(Josiah:) How long were you using blender and building up a portfolio before you got your first paying client? How did you find that first client, or did they find you?
(Märten:) I haven’t done too much client work and certainly don’t enjoy it too much. However, I did work for a studio here in Estonia for some months and it was a great experience since I got to know other people in the field and get feedback on my work which is super important in my opinion. When working on things alone I often feel like the king of the mountain, but usually someone else pulls me back to reality I got the job as the owner of the studio subscribed to my channel, and since he had an Estonian name (not too much Estonians out there), I contacted him on Messenger, and he offered me to work with them. So essentially my channel acted as my portfolio. So in total around 4 years of Blender before that. Of which 6 months the channel buildup.
(Josiah:) According to your Youtube channel, you started it January 18, 2021. You are almost at the 2 year mark and you’ve already gotten to 100k subscribers which is extremely impressive! How do you feel about your Youtube journey so far? Is that a good source of income for you? Do you recommend other artists have their own Youtube channels?
(Märten:) YouTube! We can talk about that As a starter, I’m incredibly grateful to all the people who have been watching my videos. When I compare my numbers to the other people who were in the Airrack academy, it feels a bit unreal and that’s why I try to put as much effort into each video, as I don’t want to take things for granted. Huge thanks to you!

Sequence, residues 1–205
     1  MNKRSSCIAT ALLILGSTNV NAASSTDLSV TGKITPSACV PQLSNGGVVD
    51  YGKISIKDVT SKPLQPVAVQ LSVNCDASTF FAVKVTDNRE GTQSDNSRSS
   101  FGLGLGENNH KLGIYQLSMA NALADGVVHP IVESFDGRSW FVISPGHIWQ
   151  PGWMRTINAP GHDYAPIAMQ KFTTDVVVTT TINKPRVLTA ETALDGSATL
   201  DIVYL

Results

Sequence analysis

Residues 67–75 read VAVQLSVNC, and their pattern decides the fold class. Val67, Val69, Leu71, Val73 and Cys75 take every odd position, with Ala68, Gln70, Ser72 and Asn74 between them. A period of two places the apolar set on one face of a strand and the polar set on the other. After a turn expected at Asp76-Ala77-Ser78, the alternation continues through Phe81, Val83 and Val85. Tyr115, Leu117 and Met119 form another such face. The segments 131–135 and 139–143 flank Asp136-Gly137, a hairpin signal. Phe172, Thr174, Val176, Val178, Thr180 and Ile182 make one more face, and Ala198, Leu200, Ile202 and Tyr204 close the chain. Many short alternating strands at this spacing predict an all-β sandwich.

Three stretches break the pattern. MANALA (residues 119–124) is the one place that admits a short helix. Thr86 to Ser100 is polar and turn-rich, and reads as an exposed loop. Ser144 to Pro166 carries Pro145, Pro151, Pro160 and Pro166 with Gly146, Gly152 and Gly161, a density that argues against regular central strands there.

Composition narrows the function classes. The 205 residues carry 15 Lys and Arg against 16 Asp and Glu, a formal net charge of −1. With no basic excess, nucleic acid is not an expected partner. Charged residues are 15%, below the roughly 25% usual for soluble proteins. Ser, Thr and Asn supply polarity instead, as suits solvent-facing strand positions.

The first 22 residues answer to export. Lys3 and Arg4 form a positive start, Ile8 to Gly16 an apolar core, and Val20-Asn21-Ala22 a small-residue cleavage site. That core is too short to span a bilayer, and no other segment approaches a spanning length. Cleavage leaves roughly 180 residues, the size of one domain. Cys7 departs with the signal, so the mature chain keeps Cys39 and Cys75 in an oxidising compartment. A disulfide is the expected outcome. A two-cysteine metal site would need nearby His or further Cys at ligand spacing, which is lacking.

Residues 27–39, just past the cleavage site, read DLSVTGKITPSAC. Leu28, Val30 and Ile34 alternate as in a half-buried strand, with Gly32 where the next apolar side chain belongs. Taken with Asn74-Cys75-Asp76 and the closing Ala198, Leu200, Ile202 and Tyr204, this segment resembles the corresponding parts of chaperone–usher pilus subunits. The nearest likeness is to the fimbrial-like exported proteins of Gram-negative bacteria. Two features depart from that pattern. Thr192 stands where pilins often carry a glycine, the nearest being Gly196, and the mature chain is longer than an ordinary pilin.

I feel good about my YouTube journey, it has really given me the life I want to have. Thanks to my channel I became financially independent, met this studio guy from before and also an angel investor from Estonia, who we are building a company with now. We are creating auto-generated procedural 3D assets and I’m hoping maybe this year we could demo something to the public.
As for the income question, YouTube definitely has shown me how scalable online software-based businesses are. And if you offer something valuable to people, which I try to do, it’s definitely over the average wage
Do I recommend YouTube to other artists?
I’d say it depends on your goals and the meaning and why behind the channel. I have seen some friends doing YouTube for money and I haven’t seen any of those to get far with it. I’d say that it’s definitely a great experience to share your knowledge online, the thing is – you have to understand something to teach something, so it improves your skills quite a bit. I cannot make a recommendation here, but try something out and see if having the channel is valuable to the audience and matches with your goals in life
(Josiah:) Tell me more about your new company!
(Märten:) Our company actually uses proprietary software, our long term plan is to make objects as well, but currently we are doing textures and materials. So you could have a model and tell the software you want it to be textured “as a rusty scratched metal with some moss growing on it” and it would generate procedural textures for that model. As an OSL script, so the texture size in only a few kilobytes compared to the current 200MB-1GB PBR maps
(Josiah:) That’s so cool! We’ll have to talk again as your company matures, I’m really curious about it.
(Josiah:) What is an underrated or unheard of software or trick that you don’t think too many people know about that you use all the time?
(Märten:) Quite a bit of those, so I’ll abuse the blog space and give three:
Adobe Podcast: great for post processing video dialogues with one click, saves a lot of time.
Flowframes: Render half the frames, interpolate the other half. An RTX3090 turns into an RTX4090! Especially useful for preview renders.
Instant Meshes: Instant quad topology maker for photogrammetry for example, made by a brilliant computer scientist Wenzel Jakob.